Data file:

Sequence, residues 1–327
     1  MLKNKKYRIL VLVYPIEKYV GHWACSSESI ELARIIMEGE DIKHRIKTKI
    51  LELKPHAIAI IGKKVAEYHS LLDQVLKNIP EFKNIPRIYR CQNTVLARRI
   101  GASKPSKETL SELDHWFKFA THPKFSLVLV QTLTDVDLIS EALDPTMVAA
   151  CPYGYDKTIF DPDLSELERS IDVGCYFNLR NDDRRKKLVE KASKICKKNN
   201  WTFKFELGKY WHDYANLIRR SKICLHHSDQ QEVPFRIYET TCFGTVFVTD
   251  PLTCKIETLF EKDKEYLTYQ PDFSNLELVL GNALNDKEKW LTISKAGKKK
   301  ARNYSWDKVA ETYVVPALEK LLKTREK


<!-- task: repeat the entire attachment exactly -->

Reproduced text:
Sequence, residues 1–327
     1  MLKNKKYRIL VLVYPIEKYV GHWACSSESI ELARIIMEGE DIKHRIKTKI
    51  LELKPHAIAI IGKKVAEYHS LLDQVLKNIP EFKNIPRIYR CQNTVLARRI
   101  GASKPSKETL SELDHWFKFA THPKFSLVLV QTLTDVDLIS EALDPTMVAA
   151  CPYGYDKTIF DPDLSELERS IDVGCYFNLR NDDRRKKLVE KASKICKKNN
   201  WTFKFELGKY WHDYANLIRR SKICLHHSDQ QEVPFRIYET TCFGTVFVTD
   251  PLTCKIETLF EKDKEYLTYQ PDFSNLELVL GNALNDKEKW LTISKAGKKK
   301  ARNYSWDKVA ETYVVPALEK LLKTREK